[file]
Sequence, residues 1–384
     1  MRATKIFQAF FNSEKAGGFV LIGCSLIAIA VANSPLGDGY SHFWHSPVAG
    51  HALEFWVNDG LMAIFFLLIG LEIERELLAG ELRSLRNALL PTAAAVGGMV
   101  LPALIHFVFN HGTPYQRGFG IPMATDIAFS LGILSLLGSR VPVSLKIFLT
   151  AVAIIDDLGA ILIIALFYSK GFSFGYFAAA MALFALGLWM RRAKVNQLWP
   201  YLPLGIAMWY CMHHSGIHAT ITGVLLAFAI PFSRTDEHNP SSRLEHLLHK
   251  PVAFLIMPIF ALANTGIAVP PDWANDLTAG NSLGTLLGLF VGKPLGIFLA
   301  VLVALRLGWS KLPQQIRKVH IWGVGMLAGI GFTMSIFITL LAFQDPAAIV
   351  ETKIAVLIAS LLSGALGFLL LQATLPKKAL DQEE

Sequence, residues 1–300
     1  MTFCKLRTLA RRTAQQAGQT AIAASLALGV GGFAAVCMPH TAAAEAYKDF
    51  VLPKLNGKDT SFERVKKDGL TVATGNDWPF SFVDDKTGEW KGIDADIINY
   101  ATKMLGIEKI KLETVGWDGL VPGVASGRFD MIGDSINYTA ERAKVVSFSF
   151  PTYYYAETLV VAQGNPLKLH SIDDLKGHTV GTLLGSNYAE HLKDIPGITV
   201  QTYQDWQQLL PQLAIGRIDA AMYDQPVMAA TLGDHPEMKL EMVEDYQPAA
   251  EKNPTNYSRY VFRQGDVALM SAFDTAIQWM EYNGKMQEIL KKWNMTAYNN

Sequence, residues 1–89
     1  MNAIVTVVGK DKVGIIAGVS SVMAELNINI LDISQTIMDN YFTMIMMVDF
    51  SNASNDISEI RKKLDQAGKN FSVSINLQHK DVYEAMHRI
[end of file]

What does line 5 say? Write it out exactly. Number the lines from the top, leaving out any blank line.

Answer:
   151  AVAIIDDLGA ILIIALFYSK GFSFGYFAAA MALFALGLWM RRAKVNQLWP